In Beaudry v. The Queen, my colleague Tardif J. describes the Crown’s burden in the context of a subsection 160(1) assessment as follows:
 There is an exception, and Archambault J. dealt with that exception inGestion Yvan Drouin:
Since it is the Minister who takes measures against a third party to recover the tax owed to him by the tax debtor, it seems entirely reasonable to me that it should be incumbent on the Minister to provide prima facie evidence of the existence of the tax liability. To do this, the Minister usually has in his possession the tax debtor's tax return and, if he has carried out an audit, he may have copies of the source documents or other relevant documents supporting his assessment. He is therefore the one who is in the best position to establish the quantum of the tax liability. I thus conclude that the onus of providing prima facie evidence of the tax liability where an assessment has been made under subsection 160(1) of the Act generally falls on the Minister.
… As soon as the Minister has proved prima facie the existence of the tax liability, the onus is on the transferee to provide evidence to the contrary.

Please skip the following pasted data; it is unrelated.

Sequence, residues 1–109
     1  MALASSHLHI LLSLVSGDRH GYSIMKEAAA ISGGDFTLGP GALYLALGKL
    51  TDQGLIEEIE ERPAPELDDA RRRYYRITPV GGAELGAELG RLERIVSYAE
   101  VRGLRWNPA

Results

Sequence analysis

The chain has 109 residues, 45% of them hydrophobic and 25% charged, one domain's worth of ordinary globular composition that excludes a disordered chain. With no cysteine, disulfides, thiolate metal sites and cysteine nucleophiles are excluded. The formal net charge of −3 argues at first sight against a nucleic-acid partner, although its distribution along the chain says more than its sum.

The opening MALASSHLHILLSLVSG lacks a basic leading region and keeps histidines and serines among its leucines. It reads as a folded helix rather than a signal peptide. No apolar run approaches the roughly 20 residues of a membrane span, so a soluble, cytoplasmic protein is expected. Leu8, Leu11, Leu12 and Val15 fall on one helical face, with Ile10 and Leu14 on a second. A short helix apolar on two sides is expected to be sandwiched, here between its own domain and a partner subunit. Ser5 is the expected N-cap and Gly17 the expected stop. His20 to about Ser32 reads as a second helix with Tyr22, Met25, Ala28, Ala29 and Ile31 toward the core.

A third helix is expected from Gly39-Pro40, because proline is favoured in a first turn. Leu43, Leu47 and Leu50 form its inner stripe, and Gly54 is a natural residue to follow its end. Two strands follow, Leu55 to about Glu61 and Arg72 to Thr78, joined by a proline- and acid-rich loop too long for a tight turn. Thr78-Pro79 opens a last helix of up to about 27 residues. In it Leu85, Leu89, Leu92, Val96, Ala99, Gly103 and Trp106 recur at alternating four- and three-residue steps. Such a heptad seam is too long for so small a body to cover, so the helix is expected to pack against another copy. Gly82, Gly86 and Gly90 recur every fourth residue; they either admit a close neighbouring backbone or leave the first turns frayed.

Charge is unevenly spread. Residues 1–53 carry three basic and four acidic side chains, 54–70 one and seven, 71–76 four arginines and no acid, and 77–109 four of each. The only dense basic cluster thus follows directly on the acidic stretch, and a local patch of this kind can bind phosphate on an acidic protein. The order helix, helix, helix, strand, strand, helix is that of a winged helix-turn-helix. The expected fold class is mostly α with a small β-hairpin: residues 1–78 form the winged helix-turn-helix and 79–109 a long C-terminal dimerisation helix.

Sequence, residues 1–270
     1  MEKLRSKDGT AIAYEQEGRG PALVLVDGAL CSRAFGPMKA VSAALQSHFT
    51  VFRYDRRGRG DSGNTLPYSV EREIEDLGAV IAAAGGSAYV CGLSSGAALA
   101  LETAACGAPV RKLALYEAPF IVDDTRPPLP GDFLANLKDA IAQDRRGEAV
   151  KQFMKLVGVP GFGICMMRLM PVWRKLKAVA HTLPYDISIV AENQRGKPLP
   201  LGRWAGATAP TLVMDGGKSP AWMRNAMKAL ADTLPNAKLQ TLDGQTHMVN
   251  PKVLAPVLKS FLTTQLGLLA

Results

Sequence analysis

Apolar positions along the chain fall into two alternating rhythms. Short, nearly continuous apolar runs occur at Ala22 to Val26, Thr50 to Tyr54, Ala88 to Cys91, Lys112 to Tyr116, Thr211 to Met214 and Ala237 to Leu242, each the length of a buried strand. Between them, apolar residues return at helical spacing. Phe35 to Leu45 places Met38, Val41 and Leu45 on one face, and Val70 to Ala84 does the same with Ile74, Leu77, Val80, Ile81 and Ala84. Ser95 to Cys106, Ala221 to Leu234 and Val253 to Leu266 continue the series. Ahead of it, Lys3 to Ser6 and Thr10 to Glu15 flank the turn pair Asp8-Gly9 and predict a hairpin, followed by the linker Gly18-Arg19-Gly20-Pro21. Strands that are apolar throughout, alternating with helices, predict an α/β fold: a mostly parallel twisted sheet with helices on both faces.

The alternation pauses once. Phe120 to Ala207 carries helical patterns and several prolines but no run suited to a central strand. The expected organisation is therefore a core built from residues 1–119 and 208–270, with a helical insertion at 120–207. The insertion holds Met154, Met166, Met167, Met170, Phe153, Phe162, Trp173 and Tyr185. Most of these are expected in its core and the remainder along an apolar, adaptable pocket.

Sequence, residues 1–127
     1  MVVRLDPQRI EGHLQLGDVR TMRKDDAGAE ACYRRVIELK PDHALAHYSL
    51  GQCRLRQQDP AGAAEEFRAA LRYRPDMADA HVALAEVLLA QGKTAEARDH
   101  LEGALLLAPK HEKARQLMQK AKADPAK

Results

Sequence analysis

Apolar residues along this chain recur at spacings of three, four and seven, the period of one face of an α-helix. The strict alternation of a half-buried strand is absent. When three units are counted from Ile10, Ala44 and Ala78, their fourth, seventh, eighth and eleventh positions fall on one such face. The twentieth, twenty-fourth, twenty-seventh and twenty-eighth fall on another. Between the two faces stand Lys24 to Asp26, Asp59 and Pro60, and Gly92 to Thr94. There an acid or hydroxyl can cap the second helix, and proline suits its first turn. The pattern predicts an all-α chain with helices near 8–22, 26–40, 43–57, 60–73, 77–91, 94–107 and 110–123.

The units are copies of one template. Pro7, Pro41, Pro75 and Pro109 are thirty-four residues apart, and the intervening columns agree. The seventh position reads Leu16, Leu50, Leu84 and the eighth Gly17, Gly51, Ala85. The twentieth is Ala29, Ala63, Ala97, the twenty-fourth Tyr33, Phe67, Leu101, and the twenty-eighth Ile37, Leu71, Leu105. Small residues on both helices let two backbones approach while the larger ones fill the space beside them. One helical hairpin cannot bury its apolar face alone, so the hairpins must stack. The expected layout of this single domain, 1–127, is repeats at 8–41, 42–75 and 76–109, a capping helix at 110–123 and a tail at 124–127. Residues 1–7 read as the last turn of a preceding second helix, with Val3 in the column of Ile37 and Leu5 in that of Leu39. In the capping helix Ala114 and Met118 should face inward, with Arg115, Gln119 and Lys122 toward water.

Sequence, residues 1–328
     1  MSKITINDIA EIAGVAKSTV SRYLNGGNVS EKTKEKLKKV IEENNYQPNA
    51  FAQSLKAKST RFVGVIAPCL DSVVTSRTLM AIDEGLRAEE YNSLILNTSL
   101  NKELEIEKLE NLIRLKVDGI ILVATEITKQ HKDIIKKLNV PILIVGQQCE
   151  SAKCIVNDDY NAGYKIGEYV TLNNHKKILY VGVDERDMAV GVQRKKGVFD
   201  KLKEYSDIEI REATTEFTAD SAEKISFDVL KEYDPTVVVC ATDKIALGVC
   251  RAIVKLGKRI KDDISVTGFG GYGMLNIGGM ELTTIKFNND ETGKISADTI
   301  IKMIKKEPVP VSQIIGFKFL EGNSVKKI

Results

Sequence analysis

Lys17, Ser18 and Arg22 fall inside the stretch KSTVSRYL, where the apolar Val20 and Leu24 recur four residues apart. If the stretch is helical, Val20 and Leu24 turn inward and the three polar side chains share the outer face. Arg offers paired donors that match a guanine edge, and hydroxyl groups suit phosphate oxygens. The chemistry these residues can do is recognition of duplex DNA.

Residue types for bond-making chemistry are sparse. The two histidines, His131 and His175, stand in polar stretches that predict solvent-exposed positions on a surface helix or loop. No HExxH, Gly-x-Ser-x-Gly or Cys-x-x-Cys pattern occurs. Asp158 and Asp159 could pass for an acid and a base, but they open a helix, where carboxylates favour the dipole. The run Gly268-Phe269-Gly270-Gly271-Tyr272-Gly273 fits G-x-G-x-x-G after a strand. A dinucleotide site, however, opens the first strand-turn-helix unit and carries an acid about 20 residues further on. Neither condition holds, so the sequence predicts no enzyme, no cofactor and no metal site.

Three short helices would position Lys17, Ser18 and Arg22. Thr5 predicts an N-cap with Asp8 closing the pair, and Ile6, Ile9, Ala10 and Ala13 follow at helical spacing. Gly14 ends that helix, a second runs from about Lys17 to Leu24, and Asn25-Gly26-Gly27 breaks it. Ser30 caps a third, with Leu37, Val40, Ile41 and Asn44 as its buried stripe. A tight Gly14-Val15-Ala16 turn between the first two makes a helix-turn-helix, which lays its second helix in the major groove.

I agree with this observation.
 Ms. Rueger, however, provided no explanation as to why Mr. Ellis was assessed gross negligence penalties under subsection 163(1) [s/b 163(2)] of the Act. In view of the failure to establish the circumstances that justify the imposition of a penalty, the penalties must be eliminated from the Appellant’s assessment.
Also noteworthy here, the appellant had not raised this issue of proof of the transferor's tax debts in her notice of appeal but the Court allowed the argument anyway:
 In her written representations, the Respondent argues that the Appellant did not dispute the Transferor’s tax debt in her amended notice of appeal. I observe that the Appellant was not represented by counsel when she prepared her amended notice of appeal. I do not believe that the Respondent suffered prejudice from the aforementioned shortcoming. The Appellant had arranged to call Ms. Rueger as a witness. Her testimony was required to explain the significant changes to Mr. Ellis’ tax liability brought about by the numerous reassessments that were issued against him, since the Appellant was assessed under subsection 160(1). In that context, it was clear that Mr. Ellis’ tax liability had to be established at trial.
Ellis v. The Queen 2015 TCC 285 (Hogan)